Community Choice Aggregators have reached a new milestone in California, surpassing 200 cities and communities with service and about 28% of utility load, and the expansion is continuing with two more CCAs launching service this year.
The number of CCA jurisdictions reached 201 on April 1 as East Bay Community Energy initiated service to Newark, Pleasanton and Tracy, and MCE initiated service to Pleasant Hill and Vallejo.
“This latest bump in the number of communities served by CCAs is part of a wave of new service rollouts in 2021 that includes expansions by Central Coast Community Energy in January (cities of Arroyo Grande, Del Rey Oaks, Grover Beach, Guadalupe, Paso Robles, Pismo Beach, Santa Maria, Solvang, and Unincorporated Santa Barbara County) and Valley Clean Energy (city of Winters), also in January,” CalCCA said in a news release.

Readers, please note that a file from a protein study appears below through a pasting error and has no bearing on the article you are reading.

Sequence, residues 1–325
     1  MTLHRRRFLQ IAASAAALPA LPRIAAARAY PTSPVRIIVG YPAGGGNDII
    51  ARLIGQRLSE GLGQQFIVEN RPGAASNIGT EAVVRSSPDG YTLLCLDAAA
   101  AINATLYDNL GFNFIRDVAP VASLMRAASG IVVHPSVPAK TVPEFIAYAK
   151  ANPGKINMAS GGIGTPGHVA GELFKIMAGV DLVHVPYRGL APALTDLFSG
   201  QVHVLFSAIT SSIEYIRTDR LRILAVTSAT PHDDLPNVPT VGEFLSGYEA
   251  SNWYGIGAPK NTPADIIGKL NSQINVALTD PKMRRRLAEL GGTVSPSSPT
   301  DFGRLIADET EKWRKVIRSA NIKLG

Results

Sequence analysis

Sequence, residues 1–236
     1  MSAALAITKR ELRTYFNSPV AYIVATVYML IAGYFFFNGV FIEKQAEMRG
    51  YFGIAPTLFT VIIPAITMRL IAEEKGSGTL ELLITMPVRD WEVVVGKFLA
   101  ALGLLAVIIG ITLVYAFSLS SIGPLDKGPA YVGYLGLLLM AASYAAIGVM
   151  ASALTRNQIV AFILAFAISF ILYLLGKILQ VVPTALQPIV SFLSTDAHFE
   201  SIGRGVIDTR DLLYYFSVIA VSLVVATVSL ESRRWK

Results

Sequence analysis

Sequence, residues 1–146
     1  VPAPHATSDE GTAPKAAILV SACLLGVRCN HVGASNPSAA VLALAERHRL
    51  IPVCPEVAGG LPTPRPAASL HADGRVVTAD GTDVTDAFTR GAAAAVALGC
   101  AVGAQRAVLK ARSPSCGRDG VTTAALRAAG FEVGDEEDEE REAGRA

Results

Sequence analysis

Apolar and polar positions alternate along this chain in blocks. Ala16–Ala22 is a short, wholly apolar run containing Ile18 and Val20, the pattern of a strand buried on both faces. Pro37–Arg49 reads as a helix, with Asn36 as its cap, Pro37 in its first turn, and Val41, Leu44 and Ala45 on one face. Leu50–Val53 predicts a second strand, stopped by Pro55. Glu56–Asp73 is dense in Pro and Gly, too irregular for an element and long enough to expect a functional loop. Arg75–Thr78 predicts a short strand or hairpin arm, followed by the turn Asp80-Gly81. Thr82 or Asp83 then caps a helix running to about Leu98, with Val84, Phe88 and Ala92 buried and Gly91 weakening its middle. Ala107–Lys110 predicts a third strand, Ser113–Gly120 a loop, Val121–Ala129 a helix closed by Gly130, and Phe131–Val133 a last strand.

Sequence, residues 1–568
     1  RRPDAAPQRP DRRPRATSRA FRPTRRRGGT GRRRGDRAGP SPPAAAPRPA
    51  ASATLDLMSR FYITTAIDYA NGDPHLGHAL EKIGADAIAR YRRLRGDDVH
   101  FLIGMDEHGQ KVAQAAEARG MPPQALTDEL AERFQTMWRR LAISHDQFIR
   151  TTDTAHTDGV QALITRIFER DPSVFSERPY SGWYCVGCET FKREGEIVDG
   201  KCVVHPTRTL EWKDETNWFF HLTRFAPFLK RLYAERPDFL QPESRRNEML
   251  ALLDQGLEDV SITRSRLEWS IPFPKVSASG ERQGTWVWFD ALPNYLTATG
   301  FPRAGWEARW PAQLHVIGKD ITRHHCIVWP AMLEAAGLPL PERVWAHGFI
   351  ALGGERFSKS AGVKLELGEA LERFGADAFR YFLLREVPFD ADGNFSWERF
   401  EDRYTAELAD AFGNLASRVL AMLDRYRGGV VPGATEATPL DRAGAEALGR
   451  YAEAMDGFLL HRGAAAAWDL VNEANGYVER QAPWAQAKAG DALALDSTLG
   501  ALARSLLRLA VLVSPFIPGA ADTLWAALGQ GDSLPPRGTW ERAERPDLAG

“Over the last decade, local governments in cities and counties throughout the state have chosen to participate in CCA to meet climate action goals, provide residents and businesses with more energy options, ensure local transparency and accountability, and drive economic development and green jobs,” according to CalCCA.
There are 24 community choice energy providers serving more than 11 million customers in 201 towns, cities and counties across the state, with other communities planning to launch CCA programs.
Community choice energy programs now serve about 28% of the load in the territories of the state’s three main investor-owned utilities, which is projected to rise to 38% by 2022, according to Cal CCA.
CalCCA members are projected to have an annual load of 52,098 GWh in 2021, which is an 865% jump from 2016 levels and a 6.6% increase year on year, according to CalCCA data from December.